Picking Up the Ball and Going Home Remains Worst Brexit Option
Commenting on the Government's White Papers on Customs and Trade, techUK CEO Julian David says a no deal scenario remains worst outcome for tech.
Commenting on the Prime Minister’s statement to Parliament about the Brexit negotiations, Julian David, techUK’s CEO said:
“The Prime Minister is right to reaffirm her commitment to the proposals she set out in her Florence speech. The priority now must be securing the transition proposals she set out as quickly as possible. The UK’s tech sector needs clarity in order to continue to secure investment and deliver growth.
“Until then, businesses will be forced to plan for the ‘no deal’ scenario that remains a real possibility. Such an outcome would mean no agreement on key issues such as data flows, immigration and trade and would be deeply damaging for UK tech.
“Getting a deal and avoiding a cliff edge will require both the UK and the EU to work together and to compromise. It does not matter whose court the ball is in, simply picking it up and going home would be in no one’s interest.”
Commenting on the Government’s Customs Paper, Julian David, techUK’s CEO said:
“Getting our customs processes right post-Brexit is vital for the tech sector and its consumers. The Government’s paper is right to recognise the particular impact of delays and complex processes to ecommerce and other ‘just-in-time’ tech goods. The commitment to implementing more streamlined processes, including mutual recognition of Authorised Economic Operators is therefore welcome.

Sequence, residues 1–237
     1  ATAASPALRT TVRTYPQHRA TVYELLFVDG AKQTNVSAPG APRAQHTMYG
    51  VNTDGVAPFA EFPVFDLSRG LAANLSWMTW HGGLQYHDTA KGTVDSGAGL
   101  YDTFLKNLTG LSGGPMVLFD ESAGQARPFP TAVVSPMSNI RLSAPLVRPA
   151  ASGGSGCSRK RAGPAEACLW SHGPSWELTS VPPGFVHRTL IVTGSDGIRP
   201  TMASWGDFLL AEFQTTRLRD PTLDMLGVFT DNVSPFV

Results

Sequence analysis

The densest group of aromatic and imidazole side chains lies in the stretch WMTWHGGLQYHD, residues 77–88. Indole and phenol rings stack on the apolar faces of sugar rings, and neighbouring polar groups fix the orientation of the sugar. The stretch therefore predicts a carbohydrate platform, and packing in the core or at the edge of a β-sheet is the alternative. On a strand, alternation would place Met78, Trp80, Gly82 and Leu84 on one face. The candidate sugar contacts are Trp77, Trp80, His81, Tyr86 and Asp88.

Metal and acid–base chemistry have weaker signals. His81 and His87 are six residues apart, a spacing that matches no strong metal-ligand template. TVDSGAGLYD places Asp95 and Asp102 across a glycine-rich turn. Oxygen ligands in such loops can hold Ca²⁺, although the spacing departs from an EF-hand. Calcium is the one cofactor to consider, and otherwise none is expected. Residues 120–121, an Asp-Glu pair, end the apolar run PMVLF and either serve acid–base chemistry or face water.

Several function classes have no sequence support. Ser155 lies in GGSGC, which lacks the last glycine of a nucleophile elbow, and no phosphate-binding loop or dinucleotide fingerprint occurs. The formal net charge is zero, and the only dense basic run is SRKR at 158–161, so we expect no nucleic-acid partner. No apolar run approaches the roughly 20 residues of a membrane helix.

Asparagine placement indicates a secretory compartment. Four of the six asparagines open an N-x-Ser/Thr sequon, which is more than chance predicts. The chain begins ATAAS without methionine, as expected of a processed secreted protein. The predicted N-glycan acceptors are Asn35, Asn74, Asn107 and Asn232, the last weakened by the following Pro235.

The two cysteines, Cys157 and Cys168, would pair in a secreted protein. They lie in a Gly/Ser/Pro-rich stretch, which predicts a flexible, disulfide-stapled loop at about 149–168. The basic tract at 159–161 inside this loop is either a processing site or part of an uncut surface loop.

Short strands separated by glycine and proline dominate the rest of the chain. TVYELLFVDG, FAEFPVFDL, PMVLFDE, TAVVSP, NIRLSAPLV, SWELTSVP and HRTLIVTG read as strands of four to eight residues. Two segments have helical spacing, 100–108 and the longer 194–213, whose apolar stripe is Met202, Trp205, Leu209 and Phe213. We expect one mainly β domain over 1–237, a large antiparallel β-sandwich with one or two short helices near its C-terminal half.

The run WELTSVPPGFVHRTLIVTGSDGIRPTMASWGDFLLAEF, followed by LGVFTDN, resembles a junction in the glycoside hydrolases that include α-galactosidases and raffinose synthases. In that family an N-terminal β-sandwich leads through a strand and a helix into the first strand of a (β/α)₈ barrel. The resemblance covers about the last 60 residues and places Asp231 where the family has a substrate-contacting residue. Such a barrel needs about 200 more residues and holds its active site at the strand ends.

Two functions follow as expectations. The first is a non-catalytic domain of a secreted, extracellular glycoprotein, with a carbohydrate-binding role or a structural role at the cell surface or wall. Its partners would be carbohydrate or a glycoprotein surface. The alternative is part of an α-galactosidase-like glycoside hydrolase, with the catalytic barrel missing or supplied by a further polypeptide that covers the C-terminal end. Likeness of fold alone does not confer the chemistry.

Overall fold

“However, building these streamlined processes will take time. Bilateral implementation of new technologies at the UK, French, Irish and every other EU 27 Member border is complex. Until the Government comes forward with a clear plan and technical specifications this work cannot begin, and the clock is ticking.
“While the Government is right to explore all possibilities, businesses need clarity about the most realistic outcome. Without further details it seems highly unlikely that the proposed “Customs Partnership” will be achievable. If that is the case, then Government should quickly focus its energies on ensuring other options are given the support they are needed to become operational when we leave the EU.”
Commenting on the Government’s Trade Paper, Julian David, techUK’s CEO, said:
“The Government’s Trade paper sets out a sensible approach for our future trading relationships. However, securing a good EU deal must remain a priority. The EU is the UK tech sector’s primary market and is a vital part of what makes the UK such a great place to start and grow a tech business.
“The Government must also work to provide more clarity on which current EU trade deals with other countries it will seek to maintain when we leave the EU, such as the recent CETA deal. The UK will have to convert these deals into bilateral agreements with the consent of those countries. Knowing which markets the UK will maintain access to immediately post-Brexit is crucial to companies understanding the impact it will have on their business.
“Finally, we welcome the clear commitment to leadership at a WTO level, in particular the commitment to remain part of the Government Procurement Agreement. This is vital if the UK is going to continue to improve and digitise our public services. The Government should also look to sign other WTO agreements, including the ICT Agreement in order to maintain strong leadership on tech and international trade.”
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